Some are disturbed by the fact that there’s also some near-pornographic sex in the film. Now, I think it could have been done more tastefully, but the sex is important to the story, especially as it deals with some of Dan Dreiburg’s hang-ups. Frankly, this is a movie for adults with adult themes and ideas, so the intended audience should not be bothered by a little romp in the sack (or on an owl-ship). Plus, I wouldn’t give up the opportunity to see Malin Akerman’s tits for nothin’.

A major criticism of the film has been that the viewer develops little emotional attachment to the characters. Maybe it’s my recollection of my affection for these characters in the novel, but I truly feel for each and every one of them while watching the movie. The Comedian is an amoral murderer, but he is also a sad, lonely man who uncovers a horrible plot and is killed for it. Rorschach is a psychopath, but his terrible past inspires pity and understanding. Laurie is tormented both by her mother’s control over her destiny and her inability to face the truth about her past. Dr. Manhattan is both more and less than human, and far sadder about that fact than he lets on. Dan is lonely and purposeless, unable to feel alive unless he is wearing a costume. And Adrian Veidt, as the world’s smartest (and probably richest) man must make decisions that torment him and perhaps drive him over the edge of sanity.

The ending of the movie diverges from the book in a significant way. However, the core theme remains. I said earlier that, at the end, the characters face a nearly unthinkable moral dilemma. The “villain” of the film has, by his actions, however heinous and insane, done a greatly desirable thing that will benefit humanity. Should his crimes be exposed, allowing evil to be punished, when to do so would reverse the good that his evil actions have accomplished? By Rorschach’s code of black and white, absolutely. But the others—and the viewers—may have a different opinion. Or maybe not. The beauty of Alan Moore’s story is that it doesn’t decide for us. We decide. If we can.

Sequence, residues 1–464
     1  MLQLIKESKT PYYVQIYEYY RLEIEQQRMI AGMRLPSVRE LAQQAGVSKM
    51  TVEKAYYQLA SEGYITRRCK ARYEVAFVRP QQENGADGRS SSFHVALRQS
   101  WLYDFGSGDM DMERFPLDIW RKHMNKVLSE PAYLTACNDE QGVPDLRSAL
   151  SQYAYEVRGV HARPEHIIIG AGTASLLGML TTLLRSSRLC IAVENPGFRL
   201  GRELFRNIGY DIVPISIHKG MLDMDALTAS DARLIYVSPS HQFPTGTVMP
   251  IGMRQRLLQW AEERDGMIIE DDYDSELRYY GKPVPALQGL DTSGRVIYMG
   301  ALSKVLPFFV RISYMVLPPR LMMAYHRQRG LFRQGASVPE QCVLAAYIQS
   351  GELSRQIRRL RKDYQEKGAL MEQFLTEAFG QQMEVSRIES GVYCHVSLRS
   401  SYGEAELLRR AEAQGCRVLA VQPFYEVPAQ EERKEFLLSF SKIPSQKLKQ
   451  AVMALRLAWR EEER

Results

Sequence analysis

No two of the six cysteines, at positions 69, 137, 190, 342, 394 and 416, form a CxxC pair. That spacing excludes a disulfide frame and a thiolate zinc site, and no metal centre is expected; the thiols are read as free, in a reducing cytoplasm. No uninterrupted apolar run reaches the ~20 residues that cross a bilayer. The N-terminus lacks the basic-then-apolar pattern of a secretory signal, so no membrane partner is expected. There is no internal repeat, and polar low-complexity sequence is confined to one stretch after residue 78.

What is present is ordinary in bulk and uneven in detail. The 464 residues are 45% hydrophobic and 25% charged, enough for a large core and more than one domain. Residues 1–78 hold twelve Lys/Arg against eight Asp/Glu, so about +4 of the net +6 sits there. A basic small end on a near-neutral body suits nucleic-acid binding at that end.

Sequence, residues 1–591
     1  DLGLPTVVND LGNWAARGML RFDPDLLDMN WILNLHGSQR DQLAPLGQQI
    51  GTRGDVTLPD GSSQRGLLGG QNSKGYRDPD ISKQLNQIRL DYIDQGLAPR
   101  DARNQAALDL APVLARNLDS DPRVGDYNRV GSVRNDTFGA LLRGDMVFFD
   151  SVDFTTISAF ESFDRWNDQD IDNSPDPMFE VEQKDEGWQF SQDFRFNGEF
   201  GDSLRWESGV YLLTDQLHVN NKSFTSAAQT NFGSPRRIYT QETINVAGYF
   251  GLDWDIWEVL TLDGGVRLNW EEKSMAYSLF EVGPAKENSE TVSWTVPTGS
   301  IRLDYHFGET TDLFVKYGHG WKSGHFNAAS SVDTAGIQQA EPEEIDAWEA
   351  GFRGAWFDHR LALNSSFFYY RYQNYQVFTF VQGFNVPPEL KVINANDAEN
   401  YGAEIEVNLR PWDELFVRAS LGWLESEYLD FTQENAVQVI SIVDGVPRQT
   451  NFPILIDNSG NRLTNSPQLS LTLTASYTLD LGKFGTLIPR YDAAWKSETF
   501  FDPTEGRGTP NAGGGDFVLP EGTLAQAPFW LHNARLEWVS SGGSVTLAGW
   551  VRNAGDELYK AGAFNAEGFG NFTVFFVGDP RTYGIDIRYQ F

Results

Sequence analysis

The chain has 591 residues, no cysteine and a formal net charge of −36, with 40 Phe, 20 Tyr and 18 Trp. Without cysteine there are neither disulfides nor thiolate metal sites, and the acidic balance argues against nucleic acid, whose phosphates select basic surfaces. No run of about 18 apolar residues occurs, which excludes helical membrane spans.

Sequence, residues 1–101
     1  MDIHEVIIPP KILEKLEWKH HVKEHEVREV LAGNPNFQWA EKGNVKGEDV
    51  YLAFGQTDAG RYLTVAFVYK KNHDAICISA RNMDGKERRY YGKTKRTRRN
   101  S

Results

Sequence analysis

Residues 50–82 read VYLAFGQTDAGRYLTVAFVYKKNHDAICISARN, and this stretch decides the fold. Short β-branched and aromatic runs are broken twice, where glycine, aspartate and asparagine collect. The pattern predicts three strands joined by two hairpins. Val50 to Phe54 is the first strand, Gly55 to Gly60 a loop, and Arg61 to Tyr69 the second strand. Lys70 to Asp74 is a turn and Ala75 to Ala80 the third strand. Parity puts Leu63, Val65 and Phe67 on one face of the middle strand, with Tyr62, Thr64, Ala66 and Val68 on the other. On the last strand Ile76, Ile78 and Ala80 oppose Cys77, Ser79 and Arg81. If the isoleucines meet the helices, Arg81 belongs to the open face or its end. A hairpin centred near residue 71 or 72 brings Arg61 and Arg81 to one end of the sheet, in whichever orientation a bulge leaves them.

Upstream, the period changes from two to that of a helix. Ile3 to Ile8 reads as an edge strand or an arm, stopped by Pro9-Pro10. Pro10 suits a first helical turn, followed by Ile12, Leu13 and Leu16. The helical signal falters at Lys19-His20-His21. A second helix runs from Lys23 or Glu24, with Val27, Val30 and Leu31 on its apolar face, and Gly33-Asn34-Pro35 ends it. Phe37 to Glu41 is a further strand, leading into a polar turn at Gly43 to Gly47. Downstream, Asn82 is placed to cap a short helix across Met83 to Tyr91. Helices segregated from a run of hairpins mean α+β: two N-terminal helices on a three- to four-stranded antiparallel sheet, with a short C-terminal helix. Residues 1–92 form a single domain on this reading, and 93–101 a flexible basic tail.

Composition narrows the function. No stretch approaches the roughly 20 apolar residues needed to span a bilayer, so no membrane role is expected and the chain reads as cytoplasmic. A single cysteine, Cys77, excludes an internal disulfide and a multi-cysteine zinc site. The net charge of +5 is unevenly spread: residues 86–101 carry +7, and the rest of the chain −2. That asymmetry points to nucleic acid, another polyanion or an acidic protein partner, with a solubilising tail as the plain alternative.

Since the end plays out differently in the movie, a wonderful, life-affirming scene from the book is removed. It is a beautiful moment that moves me to tears every time I read it. Without it, the ending of the film comes off as much darker. Still, the movie’s ending works and is powerful in its own right. I just wish one of my favorite scenes from the book made it to the screen intact. This is the only real complaint I have with the movie, and it is a very small one.

Visually, the film is dark but beautiful. Director Zack Snyder and his crew of mad geniuses have painted a stylized, gutter-chic tapestry of an alternate New York, and the special effects are out of this world (sometimes literally, as part of the movie takes place on Mars). The costumes are top-notch, as are the sets, both real and CGI. Dr. Manhattan is a triumph of animation. Even if you don’t like the film’s story or characters, you may still appreciate it as a visual masterpiece.

The final point I want to make is that this is not a traditional superhero movie, and it is absolutely NOT for kids. It is violent and sometimes disturbing, and it contains nudity and explicit sex. It’s rated R for a reason, folks. I would say if your kids are at least 14 or 15 and pretty mature, take them to see it. Younger or immature kids… leave them at home! They will be disturbed by some parts and bored to tears by others, and they certainly won’t understand it.